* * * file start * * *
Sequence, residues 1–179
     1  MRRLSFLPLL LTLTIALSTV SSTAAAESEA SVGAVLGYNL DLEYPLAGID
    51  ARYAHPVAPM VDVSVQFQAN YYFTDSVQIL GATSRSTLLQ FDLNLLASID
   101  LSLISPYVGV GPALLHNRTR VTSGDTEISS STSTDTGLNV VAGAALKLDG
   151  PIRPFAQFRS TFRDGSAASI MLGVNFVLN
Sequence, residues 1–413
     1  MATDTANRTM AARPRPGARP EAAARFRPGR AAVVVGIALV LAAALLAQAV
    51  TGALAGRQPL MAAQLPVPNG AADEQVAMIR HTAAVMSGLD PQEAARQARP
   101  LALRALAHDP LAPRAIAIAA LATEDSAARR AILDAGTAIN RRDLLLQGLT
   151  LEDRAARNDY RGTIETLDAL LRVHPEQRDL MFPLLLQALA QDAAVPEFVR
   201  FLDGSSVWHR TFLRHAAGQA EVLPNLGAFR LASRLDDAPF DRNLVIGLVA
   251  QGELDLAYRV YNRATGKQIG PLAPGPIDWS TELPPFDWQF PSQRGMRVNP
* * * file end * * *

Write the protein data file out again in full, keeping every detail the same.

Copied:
Sequence, residues 1–179
     1  MRRLSFLPLL LTLTIALSTV SSTAAAESEA SVGAVLGYNL DLEYPLAGID
    51  ARYAHPVAPM VDVSVQFQAN YYFTDSVQIL GATSRSTLLQ FDLNLLASID
   101  LSLISPYVGV GPALLHNRTR VTSGDTEISS STSTDTGLNV VAGAALKLDG
   151  PIRPFAQFRS TFRDGSAASI MLGVNFVLN
Sequence, residues 1–413
     1  MATDTANRTM AARPRPGARP EAAARFRPGR AAVVVGIALV LAAALLAQAV
    51  TGALAGRQPL MAAQLPVPNG AADEQVAMIR HTAAVMSGLD PQEAARQARP
   101  LALRALAHDP LAPRAIAIAA LATEDSAARR AILDAGTAIN RRDLLLQGLT
   151  LEDRAARNDY RGTIETLDAL LRVHPEQRDL MFPLLLQALA QDAAVPEFVR
   201  FLDGSSVWHR TFLRHAAGQA EVLPNLGAFR LASRLDDAPF DRNLVIGLVA
   251  QGELDLAYRV YNRATGKQIG PLAPGPIDWS TELPPFDWQF PSQRGMRVNP